Medicare beneficiaries can buy Medicare Supplement Insurance, or Medigap, to help cover certain out-of-pocket costs associated with Medicare Part A and/or Part B. (If you’re shopping during Medicare open enrollment, Oct. 15 to Dec. 7, remember that people with Medicare Advantage can’t buy Medigap plans.)
For example, depending on which plan type you choose, a Medigap policy could cover the 20% Medicare Part B coinsurance for office visits and the $1,600 deductible before Medicare Part A starts to pay for inpatient hospital care.
Medigap policies are sold by private health insurance companies. They’re regulated by the federal government and have certain standard benefits. But shopping for them isn’t always straightforward.
Shoppers might expect higher prices to come with more benefits, but that’s not always the case. Here are three scenarios to watch for so you don’t end up paying too much.
1. Paying more for the same coverage
New Medicare beneficiaries in most states can choose from up to eight out of 10 letter-named Medigap plan types: A, B, D, G, K, L, M and N. Each plan type offers a different set of benefits. (Medigap Plans C and F aren’t available to new Medicare members.)
“One of the most common and popular counseling tips we provide is that all plans of the same letter, i.e., A, B, C, D, are exactly the same. So there is no reason to pay more for one Plan A, B, C, D, over another,” Maureen McIntyre, CEO of Connecticut’s North Central Area Agency on Aging, which offers free Medicare counseling for local residents, wrote in an email.
It’s worth comparing quotes for the plan type you want. Companies might differ in terms of customer service and minor non-Medicare perks, but there’s no additional coverage to gain from buying a more expensive Plan G policy when a cheaper one is available, for example.
2. Paying more for less coverage
One might expect Plan A to cost less than other plan types with more coverage. But sometimes lower-coverage plans are priced higher.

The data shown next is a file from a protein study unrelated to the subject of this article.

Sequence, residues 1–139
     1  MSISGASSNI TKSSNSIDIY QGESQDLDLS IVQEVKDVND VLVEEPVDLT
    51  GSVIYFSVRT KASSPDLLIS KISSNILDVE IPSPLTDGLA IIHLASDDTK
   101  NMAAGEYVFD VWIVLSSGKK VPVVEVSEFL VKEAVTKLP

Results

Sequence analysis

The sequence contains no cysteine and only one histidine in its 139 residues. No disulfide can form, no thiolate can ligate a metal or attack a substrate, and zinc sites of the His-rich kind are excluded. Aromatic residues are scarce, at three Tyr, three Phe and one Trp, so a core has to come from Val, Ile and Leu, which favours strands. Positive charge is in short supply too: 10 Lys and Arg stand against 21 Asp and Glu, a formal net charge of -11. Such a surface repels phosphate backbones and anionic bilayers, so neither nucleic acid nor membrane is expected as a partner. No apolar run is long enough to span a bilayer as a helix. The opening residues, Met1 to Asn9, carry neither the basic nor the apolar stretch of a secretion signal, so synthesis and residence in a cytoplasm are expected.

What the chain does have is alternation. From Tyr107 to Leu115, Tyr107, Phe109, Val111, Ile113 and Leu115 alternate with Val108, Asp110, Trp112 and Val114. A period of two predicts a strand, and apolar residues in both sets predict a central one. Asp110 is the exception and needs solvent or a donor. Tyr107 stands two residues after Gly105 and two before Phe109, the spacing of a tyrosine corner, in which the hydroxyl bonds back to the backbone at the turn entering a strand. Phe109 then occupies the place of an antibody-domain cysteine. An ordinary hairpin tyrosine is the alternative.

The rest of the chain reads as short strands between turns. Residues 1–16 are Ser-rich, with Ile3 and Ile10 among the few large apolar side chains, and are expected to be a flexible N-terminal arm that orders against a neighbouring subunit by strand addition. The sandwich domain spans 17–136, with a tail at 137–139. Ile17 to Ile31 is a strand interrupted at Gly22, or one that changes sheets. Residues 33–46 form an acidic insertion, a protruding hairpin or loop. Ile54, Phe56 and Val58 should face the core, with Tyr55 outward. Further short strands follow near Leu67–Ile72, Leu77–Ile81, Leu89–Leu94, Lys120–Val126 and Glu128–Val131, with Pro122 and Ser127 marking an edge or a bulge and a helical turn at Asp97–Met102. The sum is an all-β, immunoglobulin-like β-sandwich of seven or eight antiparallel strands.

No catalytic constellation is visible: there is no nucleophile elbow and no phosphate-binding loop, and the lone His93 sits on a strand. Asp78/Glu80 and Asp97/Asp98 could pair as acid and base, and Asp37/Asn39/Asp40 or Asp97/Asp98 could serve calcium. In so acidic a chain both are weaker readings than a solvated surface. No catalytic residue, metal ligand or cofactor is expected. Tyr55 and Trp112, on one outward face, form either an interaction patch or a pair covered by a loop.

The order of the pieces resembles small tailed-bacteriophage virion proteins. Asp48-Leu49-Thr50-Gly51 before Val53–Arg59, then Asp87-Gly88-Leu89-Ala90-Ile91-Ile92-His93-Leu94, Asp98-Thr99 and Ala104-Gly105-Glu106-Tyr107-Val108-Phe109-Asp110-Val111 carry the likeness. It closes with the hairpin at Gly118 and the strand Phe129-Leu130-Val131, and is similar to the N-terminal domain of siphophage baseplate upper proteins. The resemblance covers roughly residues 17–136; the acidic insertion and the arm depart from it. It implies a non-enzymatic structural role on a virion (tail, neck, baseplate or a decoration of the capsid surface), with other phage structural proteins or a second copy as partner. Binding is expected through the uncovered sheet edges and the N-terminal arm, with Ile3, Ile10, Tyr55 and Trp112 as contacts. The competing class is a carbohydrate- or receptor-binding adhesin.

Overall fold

For example, for a 65-year-old female nonsmoker in Chicago, Cigna quotes monthly premiums of $152.06 for Medigap Plan G and $169.33 for Medigap Plan A, with identical discounts built into both rates. The lower-coverage option (Plan A) costs $17.27 more per month.
“While it is not typical for Plan A plans to be rated higher than Plan G, we recognize that this can sometimes happen, due to the actuarial experience and cost relativities related to those plans,” a Cigna spokesperson wrote in an email.
Plan A might have higher premiums if the insurance company expects members with Plan A to have more expensive claims, even though Plan G has more coverage, according to the Cigna spokesperson.
Representatives for State Farm, Mutual of Omaha and Blue Cross and Blue Shield of Texas offered similar explanations for instances when their quotes showed Plan A priced higher than Plan G.
When you’re shopping, your own budget is what matters, so compare prices carefully to find the most cost-effective option.
3. Paying too much for add-ons
Some companies offer add-ons for purchase with their Medigap plans. For example, UnitedHealthcare’s “wellness extras” packages include access to a 24/7 nurse line, vision, hearing and dental discounts and a gym membership. (In some locations, these perks are included at no additional cost.)
Sometimes adding these packages might have unexpected effects on the price of the plan.
For example, here’s what it costs to add UnitedHealthcare’s wellness extras — the same package — to two plans for a 65-year-old female nonsmoker in Dallas:
- Plan G: $6.62 per month ($133.22 for the base plan, or $139.84 with extras).
- Plan A: $174.80 per month ($130.81 for the base plan, or $305.61 with extras).
These extras might be compelling with Plan G, but the drastically higher price to add the same perks to Plan A is a much worse deal.
On the other hand, there are also scenarios when add-ons make the whole package cheaper.
In Columbus, Ohio, UnitedHealthcare quotes $91.71 per month for Medigap Plan A for a 65-year-old female nonsmoker. But Plan A with wellness extras costs $87.23 — $4.48 cheaper. Even if you never use any of the extras, Plan A with the add-ons would still be a better deal than the option without them.
This article was written by NerdWallet and was originally published by The Associated Press.